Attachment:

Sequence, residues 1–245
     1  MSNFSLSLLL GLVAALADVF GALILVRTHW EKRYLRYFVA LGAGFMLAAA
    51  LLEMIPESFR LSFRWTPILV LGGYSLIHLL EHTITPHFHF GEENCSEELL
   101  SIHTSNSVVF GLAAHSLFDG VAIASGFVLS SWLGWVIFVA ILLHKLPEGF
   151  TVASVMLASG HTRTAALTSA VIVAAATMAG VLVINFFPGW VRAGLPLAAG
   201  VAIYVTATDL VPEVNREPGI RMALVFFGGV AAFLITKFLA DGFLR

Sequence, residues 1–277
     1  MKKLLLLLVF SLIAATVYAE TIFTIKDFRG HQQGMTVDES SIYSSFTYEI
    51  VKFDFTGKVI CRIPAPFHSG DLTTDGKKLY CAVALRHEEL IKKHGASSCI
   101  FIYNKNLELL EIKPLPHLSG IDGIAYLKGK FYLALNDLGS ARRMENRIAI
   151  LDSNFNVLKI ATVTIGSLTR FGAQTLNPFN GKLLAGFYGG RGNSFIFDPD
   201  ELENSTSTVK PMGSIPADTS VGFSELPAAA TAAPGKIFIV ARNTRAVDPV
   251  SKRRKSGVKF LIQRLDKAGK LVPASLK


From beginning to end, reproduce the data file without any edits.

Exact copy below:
Sequence, residues 1–245
     1  MSNFSLSLLL GLVAALADVF GALILVRTHW EKRYLRYFVA LGAGFMLAAA
    51  LLEMIPESFR LSFRWTPILV LGGYSLIHLL EHTITPHFHF GEENCSEELL
   101  SIHTSNSVVF GLAAHSLFDG VAIASGFVLS SWLGWVIFVA ILLHKLPEGF
   151  TVASVMLASG HTRTAALTSA VIVAAATMAG VLVINFFPGW VRAGLPLAAG
   201  VAIYVTATDL VPEVNREPGI RMALVFFGGV AAFLITKFLA DGFLR

Sequence, residues 1–277
     1  MKKLLLLLVF SLIAATVYAE TIFTIKDFRG HQQGMTVDES SIYSSFTYEI
    51  VKFDFTGKVI CRIPAPFHSG DLTTDGKKLY CAVALRHEEL IKKHGASSCI
   101  FIYNKNLELL EIKPLPHLSG IDGIAYLKGK FYLALNDLGS ARRMENRIAI
   151  LDSNFNVLKI ATVTIGSLTR FGAQTLNPFN GKLLAGFYGG RGNSFIFDPD
   201  ELENSTSTVK PMGSIPADTS VGFSELPAAA TAAPGKIFIV ARNTRAVDPV
   251  SKRRKSGVKF LIQRLDKAGK LVPASLK